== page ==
Judge Frank M. Gaziano, a 1989 graduate of Suffolk University Law School with a notable record of public service, has been confirmed for a seat on the Supreme Judicial Court of Massachusetts by unanimous vote of the Governor's Council.

Gaziano, 52, has been serving as a justice on the state’s Superior Court. Last month Gov. Charlie Baker nominated him and colleagues David Lowy, who has served as an adjunct faculty member at Suffolk Law, and Kimberly Budd to fill SJC positions opening up due to justices’ retirements. Gaziano was the first to win approval from the Governor’s Council.

“Suffolk Law is proud of Judge Gaziano’s distinguished record of public service, and his nomination to the Supreme Judicial Court is a recognition of his numerous professional achievements,” said Law School Dean Andrew Perlman in June when the nomination was announced. “Judge Gaziano is one of a long list of distinguished jurists who have received their legal education at Suffolk Law and who have put their knowledge and skills to work for the public good.”

Gaziano actively supports the education of Suffolk students by taking on Suffolk Law interns through the school’s First-Year Summer Internship Program, or FYSIP, which places students in judicial internships the summer after their first year of law school. He has taken a summer intern through FYSIP–Judicial since 2012 and also has had upper-level student interns during the academic year. Student interns conduct legal research and prepare memoranda, observe court proceedings, and discuss cases with Gaziano.

Six other Suffolk Law alumni sit on Supreme Judicial Courts in New England, with the chief justices of the Rhode Island, Vermont, and New Hampshire SJCs holding Suffolk University Law School degrees. Gaziano's confirmation means that Suffolk Law alumni will be serving on all New England high courts, with the exception of Maine's.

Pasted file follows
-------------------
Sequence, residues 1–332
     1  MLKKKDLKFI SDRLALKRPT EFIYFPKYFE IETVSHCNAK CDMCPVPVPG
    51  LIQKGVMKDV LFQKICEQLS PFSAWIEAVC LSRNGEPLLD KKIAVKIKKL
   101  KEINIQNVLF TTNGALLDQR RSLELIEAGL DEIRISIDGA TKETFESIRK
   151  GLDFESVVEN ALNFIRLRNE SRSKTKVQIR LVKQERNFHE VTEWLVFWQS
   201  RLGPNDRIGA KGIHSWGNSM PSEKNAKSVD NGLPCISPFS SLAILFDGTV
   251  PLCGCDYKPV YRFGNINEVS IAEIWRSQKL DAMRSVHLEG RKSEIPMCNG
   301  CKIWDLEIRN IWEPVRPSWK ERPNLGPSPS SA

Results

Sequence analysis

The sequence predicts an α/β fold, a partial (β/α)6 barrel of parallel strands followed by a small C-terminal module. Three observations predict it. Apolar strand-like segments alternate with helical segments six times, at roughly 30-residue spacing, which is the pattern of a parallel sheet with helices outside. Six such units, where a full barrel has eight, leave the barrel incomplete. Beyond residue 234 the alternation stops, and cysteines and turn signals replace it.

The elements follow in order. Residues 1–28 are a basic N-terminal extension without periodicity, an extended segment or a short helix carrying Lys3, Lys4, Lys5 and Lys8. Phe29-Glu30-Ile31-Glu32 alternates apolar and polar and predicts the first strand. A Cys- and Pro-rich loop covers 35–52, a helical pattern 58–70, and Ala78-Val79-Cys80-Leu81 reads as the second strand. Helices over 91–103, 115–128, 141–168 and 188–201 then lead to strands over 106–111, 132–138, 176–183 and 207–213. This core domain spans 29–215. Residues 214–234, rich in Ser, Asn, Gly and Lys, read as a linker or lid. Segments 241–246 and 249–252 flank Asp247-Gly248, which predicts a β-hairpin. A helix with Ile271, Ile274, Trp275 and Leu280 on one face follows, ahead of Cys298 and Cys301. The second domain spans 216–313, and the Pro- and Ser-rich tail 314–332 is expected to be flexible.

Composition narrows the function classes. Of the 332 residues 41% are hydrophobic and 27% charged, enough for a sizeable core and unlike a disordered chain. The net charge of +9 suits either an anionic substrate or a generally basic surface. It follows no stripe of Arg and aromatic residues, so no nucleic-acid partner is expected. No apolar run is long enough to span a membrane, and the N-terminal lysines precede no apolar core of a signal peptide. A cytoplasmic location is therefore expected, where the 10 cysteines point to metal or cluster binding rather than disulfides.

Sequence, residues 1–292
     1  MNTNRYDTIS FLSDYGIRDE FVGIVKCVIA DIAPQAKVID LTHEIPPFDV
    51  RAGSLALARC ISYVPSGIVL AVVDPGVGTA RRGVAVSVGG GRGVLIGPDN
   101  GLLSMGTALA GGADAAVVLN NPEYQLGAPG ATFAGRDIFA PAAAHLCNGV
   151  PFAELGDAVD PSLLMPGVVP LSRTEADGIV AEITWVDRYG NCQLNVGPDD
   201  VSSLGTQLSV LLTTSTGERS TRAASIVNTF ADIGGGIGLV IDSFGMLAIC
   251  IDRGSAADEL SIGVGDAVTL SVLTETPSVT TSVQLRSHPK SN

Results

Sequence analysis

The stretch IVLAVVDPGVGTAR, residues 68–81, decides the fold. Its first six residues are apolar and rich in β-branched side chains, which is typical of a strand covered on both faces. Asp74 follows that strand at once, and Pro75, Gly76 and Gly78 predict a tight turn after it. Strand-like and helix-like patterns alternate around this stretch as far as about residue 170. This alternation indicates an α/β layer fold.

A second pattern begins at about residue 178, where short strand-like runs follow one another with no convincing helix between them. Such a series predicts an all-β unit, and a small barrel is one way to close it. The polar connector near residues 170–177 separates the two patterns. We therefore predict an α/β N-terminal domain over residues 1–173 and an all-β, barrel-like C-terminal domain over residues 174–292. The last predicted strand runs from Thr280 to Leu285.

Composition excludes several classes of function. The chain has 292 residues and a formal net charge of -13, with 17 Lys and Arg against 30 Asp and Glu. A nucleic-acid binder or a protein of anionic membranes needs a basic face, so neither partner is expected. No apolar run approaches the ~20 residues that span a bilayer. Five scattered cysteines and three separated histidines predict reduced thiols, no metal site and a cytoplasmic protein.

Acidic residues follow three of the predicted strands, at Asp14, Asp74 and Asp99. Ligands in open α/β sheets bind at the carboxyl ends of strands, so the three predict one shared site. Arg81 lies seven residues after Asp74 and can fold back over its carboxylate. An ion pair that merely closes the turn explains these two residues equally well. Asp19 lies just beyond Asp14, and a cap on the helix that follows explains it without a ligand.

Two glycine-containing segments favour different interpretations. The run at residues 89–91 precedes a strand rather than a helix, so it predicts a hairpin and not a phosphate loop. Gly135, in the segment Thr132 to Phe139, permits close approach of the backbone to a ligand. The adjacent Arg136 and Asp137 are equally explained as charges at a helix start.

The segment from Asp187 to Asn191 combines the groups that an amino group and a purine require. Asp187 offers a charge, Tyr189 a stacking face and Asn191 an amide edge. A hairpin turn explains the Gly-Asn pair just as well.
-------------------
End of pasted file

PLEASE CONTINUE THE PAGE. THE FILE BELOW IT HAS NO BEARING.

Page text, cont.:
Gaziano, a Democrat, was appointed to the Superior Court in 2004 by then-Gov. Mitt Romney after serving as a prosecutor for 12 years, first in the Plymouth County District Attorney’s Office and then with the U.S. Attorney’s Office in Boston. He began his legal career as a litigation associate at Foley Hoag & Elliot.

As a Superior Court judge, Gaziano addressed the fallout from the 2012 drug lab scandal, reviewing convictions called into question because chemist Annie Dookhan had falsified test results. He also presided over the 2009 trial of imposter and murderer Christian Karl Gerhartsreiter, who went by the name Clark Rockefeller and was apprehended by the FBI after kidnapping his daughter during a supervised visitation. The case gained international exposure, including film and TV treatments.

In the U.S. Attorney’s Office, Gaziano was a member of the Organized Crime Strike Force and prosecuted high-profile and complex cases. He was part of a team that secured a death sentence for Gary Lee Sampson, who had murdered three strangers in 2003. Sampson remains on death row.

As an assistant district attorney, he prosecuted major felony cases, including homicides, and represented the commonwealth in appeals before the Supreme Judicial Court and Appeals Court.

Gaziano has been serving as chair of the Supreme Judicial Court Standing Committee on Criminal Rules; as a member of the Supreme Judicial Court Model Homicide Instruction Committee; and on the Trial Court Committees on Bail, Evidence Retention and Storage, and Security. He was the former regional administrative justice for Plymouth County and Suffolk Superior Criminal Business.

In addition to his legal work, Gaziano also has lectured at Stonehill College, teaching criminal law and criminal procedure.

Gaziano earned his bachelor’s degree in 1986 from Lafayette College and earned a JD, magna cum laude, in 1989 from Suffolk University Law School, where he was an editor of the Suffolk Law Review. He resides in Scituate with his family.

Seven justices sit on the SJC, and three of them—Robert Cordy, Fernande Duffly and Francis Spina—plan to retire before the court’s new session this fall. Justices Margot Botsford and Geraldine S. Hines will reach the mandatory retirement age of 70 next year.